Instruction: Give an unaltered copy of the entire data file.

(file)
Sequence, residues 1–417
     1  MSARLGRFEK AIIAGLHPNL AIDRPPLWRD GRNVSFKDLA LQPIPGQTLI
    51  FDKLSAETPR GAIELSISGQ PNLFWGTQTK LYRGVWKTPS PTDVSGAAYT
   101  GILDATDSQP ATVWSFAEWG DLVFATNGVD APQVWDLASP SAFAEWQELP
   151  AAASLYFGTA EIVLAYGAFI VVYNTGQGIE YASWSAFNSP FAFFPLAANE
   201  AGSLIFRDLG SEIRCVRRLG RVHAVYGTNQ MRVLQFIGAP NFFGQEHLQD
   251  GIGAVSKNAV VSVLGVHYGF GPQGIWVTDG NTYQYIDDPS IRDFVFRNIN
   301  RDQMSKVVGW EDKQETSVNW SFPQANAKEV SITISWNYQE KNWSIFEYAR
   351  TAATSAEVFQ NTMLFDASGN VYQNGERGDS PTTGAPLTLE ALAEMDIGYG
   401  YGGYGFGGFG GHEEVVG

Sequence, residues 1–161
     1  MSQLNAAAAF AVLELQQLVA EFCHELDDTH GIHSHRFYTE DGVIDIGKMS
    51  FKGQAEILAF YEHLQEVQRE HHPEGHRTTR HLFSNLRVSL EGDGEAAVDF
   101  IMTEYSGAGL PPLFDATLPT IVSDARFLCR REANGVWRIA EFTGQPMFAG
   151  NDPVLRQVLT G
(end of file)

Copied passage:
Sequence, residues 1–417
     1  MSARLGRFEK AIIAGLHPNL AIDRPPLWRD GRNVSFKDLA LQPIPGQTLI
    51  FDKLSAETPR GAIELSISGQ PNLFWGTQTK LYRGVWKTPS PTDVSGAAYT
   101  GILDATDSQP ATVWSFAEWG DLVFATNGVD APQVWDLASP SAFAEWQELP
   151  AAASLYFGTA EIVLAYGAFI VVYNTGQGIE YASWSAFNSP FAFFPLAANE
   201  AGSLIFRDLG SEIRCVRRLG RVHAVYGTNQ MRVLQFIGAP NFFGQEHLQD
   251  GIGAVSKNAV VSVLGVHYGF GPQGIWVTDG NTYQYIDDPS IRDFVFRNIN
   301  RDQMSKVVGW EDKQETSVNW SFPQANAKEV SITISWNYQE KNWSIFEYAR
   351  TAATSAEVFQ NTMLFDASGN VYQNGERGDS PTTGAPLTLE ALAEMDIGYG
   401  YGGYGFGGFG GHEEVVG

Sequence, residues 1–161
     1  MSQLNAAAAF AVLELQQLVA EFCHELDDTH GIHSHRFYTE DGVIDIGKMS
    51  FKGQAEILAF YEHLQEVQRE HHPEGHRTTR HLFSNLRVSL EGDGEAAVDF
   101  IMTEYSGAGL PPLFDATLPT IVSDARFLCR REANGVWRIA EFTGQPMFAG
   151  NDPVLRQVLT G